I want to share good health news about a metal that has been around for a very long time. As far back as 2600 BC the ancients knew copper sanitized water and used to treat wounds. Currently poorer countries use copper containers for drinking water. A low-cost way to prevent infection in wounds.

Cooper is considered ‘biocidal’, that is it can kill bacteria upon contact. So important, in this day of over-prescription antibiotics and merging antibiotic resistance by bacteria. At the start of the pandemic, you may have heard the observation that on copper surfaces the SARS-CoV2 can’t die.  It was already known that E. coli (tested was E. coli O157) while lasting 28 days on stainless steel surfaces only lasts minutes on copper ones.

It has been proven that copper can kill several different bacteria, including Legionella, Escherichia coli, Clostridium difficile, methicillin-resistant Staphylococcus aureus, and even antibiotic-resistant bacteria – vancomycin-resistant Enterococcus. In the 1990s  Philadephia outbreak of Legionnaire’s disease, it was noted that the bacteria were less likely to grow on copper pipes (vs. steel or plastic).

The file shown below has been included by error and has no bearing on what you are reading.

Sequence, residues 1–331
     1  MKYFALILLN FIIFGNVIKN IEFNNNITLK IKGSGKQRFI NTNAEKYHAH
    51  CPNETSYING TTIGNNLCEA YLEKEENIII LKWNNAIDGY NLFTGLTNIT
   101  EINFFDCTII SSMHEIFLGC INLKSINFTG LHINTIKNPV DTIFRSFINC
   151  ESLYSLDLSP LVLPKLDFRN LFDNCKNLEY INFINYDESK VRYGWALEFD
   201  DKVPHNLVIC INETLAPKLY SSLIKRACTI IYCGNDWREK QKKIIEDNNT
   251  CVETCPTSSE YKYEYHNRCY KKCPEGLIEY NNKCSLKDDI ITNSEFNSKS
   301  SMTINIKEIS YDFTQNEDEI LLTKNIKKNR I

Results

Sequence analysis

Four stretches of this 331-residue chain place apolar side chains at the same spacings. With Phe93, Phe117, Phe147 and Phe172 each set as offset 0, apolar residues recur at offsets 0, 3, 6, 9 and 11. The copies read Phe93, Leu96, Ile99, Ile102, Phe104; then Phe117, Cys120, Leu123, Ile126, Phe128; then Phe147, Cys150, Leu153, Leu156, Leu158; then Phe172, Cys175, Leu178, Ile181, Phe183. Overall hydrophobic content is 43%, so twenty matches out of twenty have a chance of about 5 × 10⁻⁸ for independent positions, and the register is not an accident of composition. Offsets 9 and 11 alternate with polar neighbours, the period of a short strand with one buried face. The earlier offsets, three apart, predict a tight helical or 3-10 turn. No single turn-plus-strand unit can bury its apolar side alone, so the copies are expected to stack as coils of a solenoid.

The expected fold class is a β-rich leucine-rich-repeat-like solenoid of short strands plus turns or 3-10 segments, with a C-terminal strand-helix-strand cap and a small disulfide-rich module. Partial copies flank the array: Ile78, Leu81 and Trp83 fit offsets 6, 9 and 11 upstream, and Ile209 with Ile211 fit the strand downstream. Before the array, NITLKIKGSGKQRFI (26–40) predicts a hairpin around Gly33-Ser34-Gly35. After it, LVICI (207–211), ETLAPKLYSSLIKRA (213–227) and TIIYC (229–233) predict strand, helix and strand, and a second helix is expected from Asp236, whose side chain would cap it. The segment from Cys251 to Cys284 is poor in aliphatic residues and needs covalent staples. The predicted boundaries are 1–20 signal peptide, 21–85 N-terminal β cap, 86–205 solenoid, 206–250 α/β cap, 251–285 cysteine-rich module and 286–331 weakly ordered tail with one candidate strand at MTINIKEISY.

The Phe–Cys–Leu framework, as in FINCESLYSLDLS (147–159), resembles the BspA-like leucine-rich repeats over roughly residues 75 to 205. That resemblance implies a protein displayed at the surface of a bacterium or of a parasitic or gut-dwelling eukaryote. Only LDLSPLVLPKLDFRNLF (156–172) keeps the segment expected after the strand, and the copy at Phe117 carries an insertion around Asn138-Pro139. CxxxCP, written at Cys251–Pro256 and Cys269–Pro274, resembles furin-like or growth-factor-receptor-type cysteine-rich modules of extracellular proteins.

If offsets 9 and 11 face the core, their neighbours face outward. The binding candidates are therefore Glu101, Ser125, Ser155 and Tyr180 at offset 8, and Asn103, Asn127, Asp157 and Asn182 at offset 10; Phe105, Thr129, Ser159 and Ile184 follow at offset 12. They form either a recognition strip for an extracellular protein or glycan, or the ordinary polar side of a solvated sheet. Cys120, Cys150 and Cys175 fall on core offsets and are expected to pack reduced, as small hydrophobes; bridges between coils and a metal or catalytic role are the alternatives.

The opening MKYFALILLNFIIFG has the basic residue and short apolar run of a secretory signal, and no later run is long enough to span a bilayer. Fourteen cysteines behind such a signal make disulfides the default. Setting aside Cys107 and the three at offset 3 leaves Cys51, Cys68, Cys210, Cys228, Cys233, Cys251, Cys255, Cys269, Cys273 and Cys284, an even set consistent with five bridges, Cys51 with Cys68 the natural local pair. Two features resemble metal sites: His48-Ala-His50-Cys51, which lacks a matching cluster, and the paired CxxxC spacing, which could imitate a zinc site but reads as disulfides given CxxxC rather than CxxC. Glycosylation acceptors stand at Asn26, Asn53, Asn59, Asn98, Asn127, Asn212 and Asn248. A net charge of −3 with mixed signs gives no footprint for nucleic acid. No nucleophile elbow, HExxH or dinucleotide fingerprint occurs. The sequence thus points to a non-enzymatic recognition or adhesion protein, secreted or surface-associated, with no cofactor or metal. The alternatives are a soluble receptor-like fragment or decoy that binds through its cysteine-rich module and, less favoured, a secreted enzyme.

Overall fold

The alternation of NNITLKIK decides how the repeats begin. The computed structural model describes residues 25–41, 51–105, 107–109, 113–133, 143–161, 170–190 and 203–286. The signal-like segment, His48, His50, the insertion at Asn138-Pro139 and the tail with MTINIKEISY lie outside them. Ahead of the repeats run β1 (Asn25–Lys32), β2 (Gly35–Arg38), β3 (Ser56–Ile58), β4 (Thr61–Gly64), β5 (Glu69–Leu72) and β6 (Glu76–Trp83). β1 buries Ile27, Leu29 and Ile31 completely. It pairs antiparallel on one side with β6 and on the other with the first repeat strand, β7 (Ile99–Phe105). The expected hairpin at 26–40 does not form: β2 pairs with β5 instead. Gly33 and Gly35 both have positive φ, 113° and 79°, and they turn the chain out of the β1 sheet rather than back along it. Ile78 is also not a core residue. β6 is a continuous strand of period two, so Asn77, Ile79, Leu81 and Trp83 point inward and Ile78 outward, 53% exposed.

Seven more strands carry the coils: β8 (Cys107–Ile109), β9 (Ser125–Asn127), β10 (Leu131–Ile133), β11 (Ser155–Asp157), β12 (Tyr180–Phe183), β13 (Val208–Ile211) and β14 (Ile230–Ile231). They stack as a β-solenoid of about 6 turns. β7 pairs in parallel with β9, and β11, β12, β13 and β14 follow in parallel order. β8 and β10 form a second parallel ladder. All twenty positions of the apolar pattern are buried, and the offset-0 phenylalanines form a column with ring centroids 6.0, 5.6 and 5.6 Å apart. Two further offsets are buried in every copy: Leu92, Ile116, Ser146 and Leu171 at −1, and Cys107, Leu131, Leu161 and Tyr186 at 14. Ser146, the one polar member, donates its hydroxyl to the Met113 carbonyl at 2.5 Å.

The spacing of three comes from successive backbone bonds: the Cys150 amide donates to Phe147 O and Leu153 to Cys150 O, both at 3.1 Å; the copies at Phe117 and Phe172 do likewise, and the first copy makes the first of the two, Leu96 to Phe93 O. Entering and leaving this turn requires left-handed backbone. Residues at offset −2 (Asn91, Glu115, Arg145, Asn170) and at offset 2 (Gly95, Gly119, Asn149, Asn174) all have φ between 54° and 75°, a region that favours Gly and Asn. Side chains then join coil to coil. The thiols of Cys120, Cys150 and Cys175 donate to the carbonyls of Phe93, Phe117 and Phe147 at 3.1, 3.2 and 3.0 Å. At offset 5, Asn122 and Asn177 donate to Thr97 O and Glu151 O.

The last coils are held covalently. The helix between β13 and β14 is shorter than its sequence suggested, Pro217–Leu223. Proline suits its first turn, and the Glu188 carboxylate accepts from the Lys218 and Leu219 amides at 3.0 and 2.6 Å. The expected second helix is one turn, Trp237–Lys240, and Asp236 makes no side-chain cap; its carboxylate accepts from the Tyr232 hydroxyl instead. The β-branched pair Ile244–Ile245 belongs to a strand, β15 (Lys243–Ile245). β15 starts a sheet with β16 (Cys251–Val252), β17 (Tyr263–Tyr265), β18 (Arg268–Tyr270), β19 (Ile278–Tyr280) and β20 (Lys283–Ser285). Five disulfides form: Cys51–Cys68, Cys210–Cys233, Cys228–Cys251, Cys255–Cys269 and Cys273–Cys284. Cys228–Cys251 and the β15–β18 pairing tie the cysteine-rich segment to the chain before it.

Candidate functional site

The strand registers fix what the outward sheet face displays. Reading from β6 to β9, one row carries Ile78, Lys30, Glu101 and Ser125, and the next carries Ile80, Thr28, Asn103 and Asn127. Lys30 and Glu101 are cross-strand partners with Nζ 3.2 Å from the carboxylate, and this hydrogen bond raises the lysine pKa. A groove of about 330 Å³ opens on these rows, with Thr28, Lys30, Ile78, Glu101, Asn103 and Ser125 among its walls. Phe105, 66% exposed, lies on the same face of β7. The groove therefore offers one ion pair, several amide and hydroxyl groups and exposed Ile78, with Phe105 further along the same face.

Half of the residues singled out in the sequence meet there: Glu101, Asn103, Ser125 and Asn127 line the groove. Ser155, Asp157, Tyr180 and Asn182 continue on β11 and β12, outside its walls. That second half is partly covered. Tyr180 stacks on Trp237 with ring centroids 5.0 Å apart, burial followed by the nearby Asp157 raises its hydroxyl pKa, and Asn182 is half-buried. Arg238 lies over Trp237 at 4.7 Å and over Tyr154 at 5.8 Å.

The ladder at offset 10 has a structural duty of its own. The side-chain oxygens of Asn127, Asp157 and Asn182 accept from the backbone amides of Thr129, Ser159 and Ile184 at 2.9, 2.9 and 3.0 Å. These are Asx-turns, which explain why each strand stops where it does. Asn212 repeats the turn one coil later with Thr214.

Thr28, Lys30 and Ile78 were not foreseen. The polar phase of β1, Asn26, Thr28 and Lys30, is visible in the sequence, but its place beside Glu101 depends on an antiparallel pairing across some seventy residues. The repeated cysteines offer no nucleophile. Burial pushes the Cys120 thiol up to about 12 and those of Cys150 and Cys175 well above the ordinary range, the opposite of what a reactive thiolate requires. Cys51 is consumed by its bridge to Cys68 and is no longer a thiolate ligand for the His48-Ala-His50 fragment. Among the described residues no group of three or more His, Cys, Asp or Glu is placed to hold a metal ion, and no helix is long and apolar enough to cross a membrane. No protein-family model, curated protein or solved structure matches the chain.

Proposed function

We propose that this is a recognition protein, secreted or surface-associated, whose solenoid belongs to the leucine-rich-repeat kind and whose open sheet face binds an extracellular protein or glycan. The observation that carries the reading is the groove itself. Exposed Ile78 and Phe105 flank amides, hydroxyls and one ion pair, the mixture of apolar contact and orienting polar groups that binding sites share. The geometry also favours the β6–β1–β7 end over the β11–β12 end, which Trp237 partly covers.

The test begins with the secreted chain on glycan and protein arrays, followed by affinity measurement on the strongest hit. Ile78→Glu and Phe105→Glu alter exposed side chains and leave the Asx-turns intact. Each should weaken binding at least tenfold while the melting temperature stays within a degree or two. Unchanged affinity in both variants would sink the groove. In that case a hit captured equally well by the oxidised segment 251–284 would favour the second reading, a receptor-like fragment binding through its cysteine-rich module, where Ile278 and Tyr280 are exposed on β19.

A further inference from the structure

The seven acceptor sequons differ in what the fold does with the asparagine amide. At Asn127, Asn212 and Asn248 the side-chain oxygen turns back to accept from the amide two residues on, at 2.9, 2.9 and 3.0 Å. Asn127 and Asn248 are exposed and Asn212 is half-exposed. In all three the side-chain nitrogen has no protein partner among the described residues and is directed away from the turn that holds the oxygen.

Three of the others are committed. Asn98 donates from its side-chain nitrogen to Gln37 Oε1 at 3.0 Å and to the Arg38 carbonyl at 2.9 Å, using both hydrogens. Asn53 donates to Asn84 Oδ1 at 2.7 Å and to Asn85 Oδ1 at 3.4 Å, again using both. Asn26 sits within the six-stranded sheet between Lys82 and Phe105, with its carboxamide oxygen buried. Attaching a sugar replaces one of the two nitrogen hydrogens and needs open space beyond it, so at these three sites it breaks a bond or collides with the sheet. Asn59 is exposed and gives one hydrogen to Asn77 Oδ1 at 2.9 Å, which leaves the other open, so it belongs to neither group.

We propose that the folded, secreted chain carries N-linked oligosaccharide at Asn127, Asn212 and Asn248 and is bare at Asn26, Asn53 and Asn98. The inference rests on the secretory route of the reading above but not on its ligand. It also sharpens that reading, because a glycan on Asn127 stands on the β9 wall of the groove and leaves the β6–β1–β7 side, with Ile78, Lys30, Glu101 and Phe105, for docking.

Researchers deduced that “..copper is capable to inhibit, inactivate, reduce, and irreversibly destroy coronavirus, influenza virus, and other pathogenic agents in a matter of minutes.”

Not just bacteria but viruses, succumb to copper. Earlier this year in The New England Journal of Medicine, researchers showed that SARS-CoV-2 was viable on plastic and stainless steel surfaces for up to 3 days, but was eliminated on copper after 4 hours.

Other respiratory viruses that succumb to the effects of copper are influenza H1N1 and influenza A.

What to do with what we have learned? Think why not infuse textiles, with copper? Well, it has been done and a publication of the results showed high-risk respiratory patients using bed linen, towels, and clothing with copper in them had less fever need for antibiotics.

Not much has been done to evaluate if copper can affect fungus. But there are positive suggestions in the literature.

FYI cooper fabric does not cause skin irritation